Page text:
It goes on to say that the reason it is not believed that many early humans were victims of addiction is because there was never enough around to feed it. There was a constant hunting and gathering that left little time for recreation, and little supply to recreate with. Additionally, there is evidence that many of our early foods were psychoactive in nature; this would suggest our brains co-evolved with state-altering substances, which is in itself a whole other essay.
People were surviving. But they were limited in what they could consume. Since this is the way it was for most of human existence, there would have been no evolutionary reason for us to naturally develop ways to prevent or fight addiction. There wasn’t enough for anybody.
Just imagine a world in which that wasn’t a problem.
Feeling good feels good.
This means more than you think. Yes, it literally feels good to feel good, but on a deeper level, feeling good makes us think that we are doing well.
Feeling bad makes us feel bad – but bad feelings are essential to survival.
Using things that make us stop feeling bad for the sake of feeling good has existed as long as humans have. But the bad feelings we have are evolutionary; they are traits we have because they helped our ancestors live long enough to have us. It’s the reason most of us jump at a loud sound. But the bad feelings have gotten worse. As The Evolutionary Origins… says:
“Negative emotions (pain, fear, stress, anxiety, etc.) have evolved in mammals to allude to even the slightest, most harmless potential indicator of a more serious problem, leading to what may be known as a modern-day personality disorder. Personality disorders can be characterized as anything from over-anxiety to schizophrenia. Many emotional disorders that drugs mask, such as anxiety disorders, develop from the ancient adaptive mechanisms expressed by the evolved mode of personality, and may in fact not be disorders but hypersensitive neural adaptations.”
So sometimes we suffer because the people before us suffered; ironically, it was their suffering that inspired and allowed them to live. A long time ago, happiness and fitness went hand-in-hand with accomplishing things; we now have substances that give us the same feelings without any actual achievement.
This realization often sends us spiraling down.
Bad feelings feel bad.
I don’t want to end this piece without acknowledging the multitude of reasons an addiction can be created or triggered. I want to share this whole segment from The Evolutionary Origins…:
“We have discovered that the nature of addiction is not solely based on free will to use, or an individual’s conscious choice to use, but may have deeper influences. The nature of drug addiction is three-fold: biological, psychological, and social. Although humans may be biologically and psychologically predisposed to drug use and addiction, they may often be driven towards that state by social and cultural influences.
“To what extent environmental stimuli affect a person’s vulnerability to addiction is unknown and may be varying. However, we cannot ignore the great impact of environmental and mental stimuli in the progression towards addiction. It has been found that certain environmental variables breed higher vulnerability.
“Family dysfunction and disruption, low social class rearing, poor parental monitoring, and rampant social drug-use exposure may greatly contribute to an individual’s movement from substance abuse predisposition to addiction. Both acute and chronic stresses have been linked with substance abuse as well, with acute stress being one of the main influences of relapse in rehabilitated drug addicts. The widespread availability of drugs in certain areas also may affect susceptibility.
“This is exceptionally notable in low socioeconomic areas in which overcrowding and poverty have been associated statistically with increased substance abuse. In addition, repeated exposure to successful high-status role models who use substances, whether these role models are figures in the media, peers or older siblings, is likely to influence children and adolescents. Similarly, the perception that smoking, drinking or drug use is standard practice among peers also serves to promote substance abuse.”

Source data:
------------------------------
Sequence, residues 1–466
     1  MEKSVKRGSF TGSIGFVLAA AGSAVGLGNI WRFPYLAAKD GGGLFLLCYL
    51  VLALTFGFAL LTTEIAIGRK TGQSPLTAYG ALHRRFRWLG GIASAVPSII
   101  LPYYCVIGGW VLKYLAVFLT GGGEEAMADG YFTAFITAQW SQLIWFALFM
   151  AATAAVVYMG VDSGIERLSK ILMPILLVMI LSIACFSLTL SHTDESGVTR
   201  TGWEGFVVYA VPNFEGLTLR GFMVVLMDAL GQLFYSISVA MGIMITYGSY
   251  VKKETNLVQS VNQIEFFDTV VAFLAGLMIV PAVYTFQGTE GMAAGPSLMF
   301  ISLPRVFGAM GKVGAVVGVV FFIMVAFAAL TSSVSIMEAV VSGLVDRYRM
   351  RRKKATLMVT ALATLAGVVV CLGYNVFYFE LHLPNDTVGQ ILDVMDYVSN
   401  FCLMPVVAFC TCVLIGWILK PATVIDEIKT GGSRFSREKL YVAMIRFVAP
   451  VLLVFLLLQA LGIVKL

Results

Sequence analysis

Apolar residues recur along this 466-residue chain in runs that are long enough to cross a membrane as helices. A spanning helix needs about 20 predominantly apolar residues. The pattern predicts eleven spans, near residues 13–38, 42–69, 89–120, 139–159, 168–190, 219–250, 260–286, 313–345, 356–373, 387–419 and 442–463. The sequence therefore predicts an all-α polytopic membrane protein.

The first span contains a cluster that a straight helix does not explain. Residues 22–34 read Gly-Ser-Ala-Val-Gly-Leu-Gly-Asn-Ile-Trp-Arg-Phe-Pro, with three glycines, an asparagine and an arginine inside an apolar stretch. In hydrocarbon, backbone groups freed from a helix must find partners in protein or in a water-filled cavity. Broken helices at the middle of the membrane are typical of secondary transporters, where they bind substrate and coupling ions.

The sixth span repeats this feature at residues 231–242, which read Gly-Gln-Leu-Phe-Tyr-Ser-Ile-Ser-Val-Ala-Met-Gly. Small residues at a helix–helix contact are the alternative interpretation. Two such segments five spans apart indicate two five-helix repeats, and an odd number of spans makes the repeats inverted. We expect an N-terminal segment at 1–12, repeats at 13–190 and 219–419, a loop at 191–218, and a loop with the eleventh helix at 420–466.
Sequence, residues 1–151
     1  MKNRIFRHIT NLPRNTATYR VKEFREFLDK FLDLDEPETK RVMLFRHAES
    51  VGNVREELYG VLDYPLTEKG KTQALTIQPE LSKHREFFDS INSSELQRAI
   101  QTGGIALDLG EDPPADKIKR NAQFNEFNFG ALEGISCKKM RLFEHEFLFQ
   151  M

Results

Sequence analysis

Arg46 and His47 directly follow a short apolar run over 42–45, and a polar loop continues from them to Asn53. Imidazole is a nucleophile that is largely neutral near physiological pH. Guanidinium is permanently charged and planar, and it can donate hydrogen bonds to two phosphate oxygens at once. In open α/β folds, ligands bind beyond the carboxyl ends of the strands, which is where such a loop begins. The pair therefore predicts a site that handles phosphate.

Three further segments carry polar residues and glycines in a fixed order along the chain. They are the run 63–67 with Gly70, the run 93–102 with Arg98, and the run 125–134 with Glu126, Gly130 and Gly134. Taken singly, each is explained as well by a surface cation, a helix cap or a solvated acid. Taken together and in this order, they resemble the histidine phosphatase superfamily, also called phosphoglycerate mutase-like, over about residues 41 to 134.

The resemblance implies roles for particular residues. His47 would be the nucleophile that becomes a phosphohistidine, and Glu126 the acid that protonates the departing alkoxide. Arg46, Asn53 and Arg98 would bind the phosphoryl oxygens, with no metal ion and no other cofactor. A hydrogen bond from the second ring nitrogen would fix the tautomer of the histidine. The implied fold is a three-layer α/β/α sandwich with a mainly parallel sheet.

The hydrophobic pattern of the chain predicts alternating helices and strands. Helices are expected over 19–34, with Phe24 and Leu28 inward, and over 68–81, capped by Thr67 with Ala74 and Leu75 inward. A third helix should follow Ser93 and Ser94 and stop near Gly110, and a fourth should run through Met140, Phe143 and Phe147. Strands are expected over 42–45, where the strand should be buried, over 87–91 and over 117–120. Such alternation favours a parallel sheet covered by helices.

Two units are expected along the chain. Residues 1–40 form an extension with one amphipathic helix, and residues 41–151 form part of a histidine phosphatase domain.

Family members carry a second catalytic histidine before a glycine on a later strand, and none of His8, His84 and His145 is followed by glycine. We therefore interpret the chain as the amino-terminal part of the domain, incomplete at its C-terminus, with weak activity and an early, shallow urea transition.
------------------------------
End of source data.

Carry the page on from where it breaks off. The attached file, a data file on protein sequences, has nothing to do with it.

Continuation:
This hits the nail on the head.
Addiction can and does affect everyone.
Knowing this – opening our hearts with compassion and empathy for those with these issues and for those around these issues – is the key to understanding and healing it.
By recognizing traits that I share with other people who have addiction issues, I’ve started to dig and pull at their roots. I’m able to see something that I never could before – the beneficial side to my hunger. At the very least, I’m able to recognize how my behavior could have been essential to my survival, but how some of those traits could be harmful now.
Eventually and regularly (though, notably, not permanently), even Galactus was able to assess his own character defects and see how he was hurting others. At one point, he exiled himself to another dimension to save this one, as written in his official Marvel biography:
“Brought to Manhattan while Reed raced to find an alternate energy source for him, Galactus was impressed with humanity’s indomitable will and constant struggle against hardship, and he chose to exile himself extra-dimensionally rather than risk destroying it all when his power returned.”
I’ve found a lot of pop culture sources of comfort and strength through my recovery which, for me, has been almost four years without picking up a drink. Nothing has ever really spoken to me like comic books do, though. Unlike Galactus, however, I haven’t been able to remove myself from this dimension.
I’ve had to learn to live with my hunger. Accept it. Try to love it.
I’m hungry but I’m not hungry.
I’m not hungry, but I am hunger.
I highly suggest these further reading materials if this topic interests you; I found these papers while searching the subject online, and I highlighted some of the text in my own essay. They contain a wealth of data and information, and deeper insights on more specific issues like criminalization.
The Evolutionary Origins and Significance of Drug Addiction by Tammy Saah
The Deep Evolutionary Roots of Addiction by Moira J van Staaden, F Scott Hall, and Robert Huber
Galactus: Official Marvel Biography
Silver Surfer: Official Marvel Biography